The Trump administration on Tuesday announced the “orderly wind down” of the Obama-era program that gave a deportation reprieve to illegal immigrants who came to the U.S. as children – putting pressure on Congress to come up with a legislative alternative.
The Department of Homeland Security formally rescinded the Deferred Action for Childhood Arrivals program, known as DACA, with a six-month delay for current recipients. According to Acting Homeland Security Secretary Elaine Duke, the interval is meant to give Congress “time to deliver on appropriate legislative solutions.”
“However, I want to be clear that no new initial requests or associated applications filed after today will be acted on,” Duke said in a written statement.
Attorney General Jeff Sessions, speaking to reporters, blasted the Obama administration's "disrespect for the legislative process" in enacting the 2012 policy. He said the “unilateral executive amnesty” probably would have been blocked by the courts anyway.
“The executive branch, through DACA, deliberately sought to achieve what the legislative branch specifically refused to authorize on multiple occasions,” Sessions said, blaming the policy for the recent “surge” at the border. “Such an open-ended circumvention of immigration laws was an unconstitutional exercise of authority by the executive branch.”
A day earlier, Sessions sent Duke a letter with his legal determination that the 2012 executive action was unconstitutional.
The Trump administration was facing a Tuesday deadline to make a decision on DACA or face legal action by Republican state AGs who hoped to force the president’s hand in discontinuing the program.
Administration officials cast their approach Tuesday at the least disruptive option.
During the 2016 presidential campaign, Trump had promised to terminate DACA, though he appeared to soften his stance since taking office. In ending the program with a six-month delay, Trump put the onus on Congress to pass a legislative fix.
According to DHS, no current beneficiaries will be impacted before March 5, 2018.
“Congress, get ready to do your job - DACA!” Trump tweeted Tuesday morning.
In this Aug. 15, 2017, file photo, a woman holds up a signs in support of the Obama administration program known as Deferred Action for Childhood Arrivals, or DACA, during an immigration reform rally at the White House in Washington. (AP Photo/Jacquelyn Martin, File)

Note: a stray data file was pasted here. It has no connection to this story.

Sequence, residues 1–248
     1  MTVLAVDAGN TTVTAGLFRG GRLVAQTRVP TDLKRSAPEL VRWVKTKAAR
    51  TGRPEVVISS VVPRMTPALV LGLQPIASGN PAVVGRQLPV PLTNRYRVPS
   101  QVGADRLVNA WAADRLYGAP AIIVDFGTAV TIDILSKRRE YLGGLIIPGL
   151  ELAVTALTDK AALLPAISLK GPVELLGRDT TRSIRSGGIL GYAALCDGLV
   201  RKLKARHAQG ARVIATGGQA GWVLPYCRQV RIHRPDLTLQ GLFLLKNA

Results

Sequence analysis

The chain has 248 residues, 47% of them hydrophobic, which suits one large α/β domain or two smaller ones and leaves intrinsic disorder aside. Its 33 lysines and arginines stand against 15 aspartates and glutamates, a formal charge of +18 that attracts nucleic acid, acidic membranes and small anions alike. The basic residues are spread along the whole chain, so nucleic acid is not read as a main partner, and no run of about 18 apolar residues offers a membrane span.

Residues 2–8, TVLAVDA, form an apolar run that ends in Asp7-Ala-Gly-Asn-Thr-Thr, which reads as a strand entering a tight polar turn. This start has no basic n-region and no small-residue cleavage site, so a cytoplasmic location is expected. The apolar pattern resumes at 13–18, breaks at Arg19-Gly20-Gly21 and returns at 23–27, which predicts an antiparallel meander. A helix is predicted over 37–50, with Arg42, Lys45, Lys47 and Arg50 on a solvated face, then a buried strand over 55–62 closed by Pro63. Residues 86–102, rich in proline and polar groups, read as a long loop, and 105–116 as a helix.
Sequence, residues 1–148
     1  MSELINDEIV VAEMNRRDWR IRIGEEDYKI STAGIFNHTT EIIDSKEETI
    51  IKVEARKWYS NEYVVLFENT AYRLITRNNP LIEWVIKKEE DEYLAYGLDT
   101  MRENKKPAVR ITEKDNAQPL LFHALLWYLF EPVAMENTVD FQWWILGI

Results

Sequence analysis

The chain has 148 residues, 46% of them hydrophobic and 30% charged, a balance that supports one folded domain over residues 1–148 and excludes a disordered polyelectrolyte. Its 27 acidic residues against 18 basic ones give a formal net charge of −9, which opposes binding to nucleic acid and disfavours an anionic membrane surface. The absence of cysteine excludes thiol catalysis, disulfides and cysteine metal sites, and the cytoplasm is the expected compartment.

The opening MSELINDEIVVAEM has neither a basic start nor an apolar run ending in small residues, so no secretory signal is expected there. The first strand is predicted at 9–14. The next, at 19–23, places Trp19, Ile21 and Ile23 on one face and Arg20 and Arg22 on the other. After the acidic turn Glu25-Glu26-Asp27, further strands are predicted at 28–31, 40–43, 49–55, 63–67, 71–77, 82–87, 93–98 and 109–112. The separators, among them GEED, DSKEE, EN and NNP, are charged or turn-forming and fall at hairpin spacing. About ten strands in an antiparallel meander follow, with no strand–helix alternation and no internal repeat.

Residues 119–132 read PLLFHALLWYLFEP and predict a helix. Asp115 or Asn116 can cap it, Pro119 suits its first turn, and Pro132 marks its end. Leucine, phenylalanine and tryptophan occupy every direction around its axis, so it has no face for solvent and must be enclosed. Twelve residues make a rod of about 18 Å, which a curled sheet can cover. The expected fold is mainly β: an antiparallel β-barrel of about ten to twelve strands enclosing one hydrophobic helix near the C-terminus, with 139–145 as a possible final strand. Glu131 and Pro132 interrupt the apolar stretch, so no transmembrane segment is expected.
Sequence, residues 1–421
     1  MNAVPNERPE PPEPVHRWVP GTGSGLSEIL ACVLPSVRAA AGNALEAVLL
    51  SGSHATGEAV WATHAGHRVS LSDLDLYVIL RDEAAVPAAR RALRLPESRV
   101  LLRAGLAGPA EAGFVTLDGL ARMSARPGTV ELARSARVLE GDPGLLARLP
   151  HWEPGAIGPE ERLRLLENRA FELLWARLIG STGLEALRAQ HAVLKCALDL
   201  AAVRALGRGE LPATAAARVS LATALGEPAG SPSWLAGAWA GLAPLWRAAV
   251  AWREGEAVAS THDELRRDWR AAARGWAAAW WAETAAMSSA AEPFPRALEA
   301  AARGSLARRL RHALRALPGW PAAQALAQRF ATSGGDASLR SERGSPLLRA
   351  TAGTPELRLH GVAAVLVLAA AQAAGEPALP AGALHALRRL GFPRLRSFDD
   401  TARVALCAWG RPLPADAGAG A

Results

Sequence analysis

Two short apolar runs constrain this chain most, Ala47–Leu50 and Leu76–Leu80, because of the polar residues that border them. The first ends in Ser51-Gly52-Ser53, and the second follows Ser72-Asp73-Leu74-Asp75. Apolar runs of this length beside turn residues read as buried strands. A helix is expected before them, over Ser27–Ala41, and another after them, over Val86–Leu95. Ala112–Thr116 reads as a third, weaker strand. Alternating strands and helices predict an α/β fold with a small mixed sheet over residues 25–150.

While some Republicans support the goals of the DACA program, many opposed the use of executive action to institute it, describing the move as a presidential overreach.
Sen. Lindsey Graham, R-S.C., is among those who now supports the call to protect so-called “Dreamers” with legislation.
“I have always believed DACA was a presidential overreach,” he said in a statement. "However, I equally understand the plight of the Dream Act kids who -- for all practical purposes know no country other than America. If President Trump makes this decision we will work to find a legislative solution to their dilemma.”
On a conference call, administration officials said Tuesday they are still prioritizing criminal aliens for deportation. But they described the original DACA criteria as very broad and cited the legal determination of the Justice Department.
During the presidential campaign, Trump referred to DACA as “illegal amnesty.” However, he seemed to edge away from that stance in April when he told the Associated Press that DACA recipients could “rest easy.”
The DACA program was formed through executive action by former President Barack Obama in 2012, allowing recipients to get a deportation reprieve – and work permits – for a two-year period subject to renewal. Under the program, individuals were able to request DACA status if they were under the age of 31 on June 15, 2012, came to the U.S. before turning 16 and have continuously lived in the country since June 15, 2007. Individuals must also have a high school diploma, GED certification, been honorably discharged from the military or still be in school. Recipients cannot have a criminal record.